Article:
Citizens talk about schools at meeting

"Task force ideas discussed, disputed. "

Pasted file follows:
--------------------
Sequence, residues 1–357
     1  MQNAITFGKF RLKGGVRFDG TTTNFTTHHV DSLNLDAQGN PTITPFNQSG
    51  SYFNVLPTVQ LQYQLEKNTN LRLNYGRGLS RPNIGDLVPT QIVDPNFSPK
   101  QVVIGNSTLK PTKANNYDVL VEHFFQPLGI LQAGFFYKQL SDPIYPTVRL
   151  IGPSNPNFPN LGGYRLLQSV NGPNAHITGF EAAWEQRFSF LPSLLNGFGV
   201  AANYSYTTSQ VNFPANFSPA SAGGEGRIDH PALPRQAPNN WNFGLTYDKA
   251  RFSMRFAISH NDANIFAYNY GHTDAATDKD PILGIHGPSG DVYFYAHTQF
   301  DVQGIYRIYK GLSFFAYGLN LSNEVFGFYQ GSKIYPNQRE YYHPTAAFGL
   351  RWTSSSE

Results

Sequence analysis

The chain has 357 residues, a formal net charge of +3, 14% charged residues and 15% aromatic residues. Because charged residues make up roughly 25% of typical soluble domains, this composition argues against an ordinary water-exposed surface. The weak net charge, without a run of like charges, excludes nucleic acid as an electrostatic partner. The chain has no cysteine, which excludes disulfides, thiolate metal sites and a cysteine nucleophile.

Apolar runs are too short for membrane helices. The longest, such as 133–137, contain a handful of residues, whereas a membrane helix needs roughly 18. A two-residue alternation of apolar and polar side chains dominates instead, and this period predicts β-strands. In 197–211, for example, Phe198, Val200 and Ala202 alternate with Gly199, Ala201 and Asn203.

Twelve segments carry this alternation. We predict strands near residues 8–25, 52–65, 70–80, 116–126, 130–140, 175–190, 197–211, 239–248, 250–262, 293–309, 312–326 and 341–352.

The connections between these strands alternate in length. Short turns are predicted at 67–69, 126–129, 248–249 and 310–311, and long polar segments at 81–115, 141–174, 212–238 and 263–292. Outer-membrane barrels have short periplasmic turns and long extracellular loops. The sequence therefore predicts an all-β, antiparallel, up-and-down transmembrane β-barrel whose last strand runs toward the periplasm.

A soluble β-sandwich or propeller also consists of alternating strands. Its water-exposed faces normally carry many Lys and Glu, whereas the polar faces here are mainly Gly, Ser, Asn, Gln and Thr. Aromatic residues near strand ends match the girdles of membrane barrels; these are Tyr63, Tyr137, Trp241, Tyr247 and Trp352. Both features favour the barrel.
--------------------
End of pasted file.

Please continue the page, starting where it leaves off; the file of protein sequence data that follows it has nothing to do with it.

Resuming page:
“POULSBO – Laurice Riekki went to the capital facilities meeting Monday night because of her son. Her son is a sophomore at North Kitsap High School. In honors English he has 36 classmates. In his math class he also has 36, which is fewer than the 40 that sat in the classroom at the beginning of year. You’re cramming a lot of people into the facilities, and you can see that much of the building is not wearing well. Kids are not getting the attention they need, Riekii said. Laurice was one of about 25 parents, educators, and community members who went to the meeting at the high school. They were told about the process the capital facilities task force went through. The task force was a group of citizens who met and studied the 1995 facilities plan, which recommended changes to be made to the schools. The 1999-2000 task force studied those recommendations, then looked at new information, including enrollment, population trends, and potential changes in education. Then they made their own recommendations, which include a shift to middle schools (which would include kids from grades 6-8) and a new high school to be built in Kingston. The group at Monday’s meeting was given a summary of the information the task force received. Then its members had some questions of their own. One teacher asked what would be done about the portables, whether they could be replaced or fixed. Others asked about the potential of a new gymnasium for North Kitsap High School (a new floor and bleachers are in the plan). Those who attended the meeting were also asked to vote electronically about whether they agreed or disagreed with statements about potential facility changes. While most voters agreed that Pearson, Suquamish, and Poulsbo Elementary needed upgrades, as well as Poulsbo Junior High and the High School, opinions on other issues were not as clear-cut. While 58 percent of those who voted strongly agreed that the district should go to a middle school system, 17 percent strongly disagreed. And while 87 percent of respondents agreed that a new secondary school should be built in Kingston, thirteen percent strongly disagreed. The voters could pick between Strongly Agree, Agree, Neutral, Disagree, and Strongly Disagree. One participant strongly disagreed with the format itself. He felt that the format of the evening forced the voters to either agree or disagree with the task force’s recommendations, instead of giving them the chance to give recommendations of their own. When talk turned to the potential of a new high school, Riekki spoke up. You said that you want to do this (build a new high school) to avoid a mega-high school, she said. But that school already is a mega-high school. Afterwards, she said she liked the process. I was impressed. They’re attempting to cull the opinions of the community, she said. Another parent who came to the meeting was Tracy Purser. She has four children through all levels of the school district – elementary, junior high, and high school. Purser said she came to the meeting because I just wanted to find out what they wanted to do. Things have got to change. Purser said, We need to feel like we’re being heard. “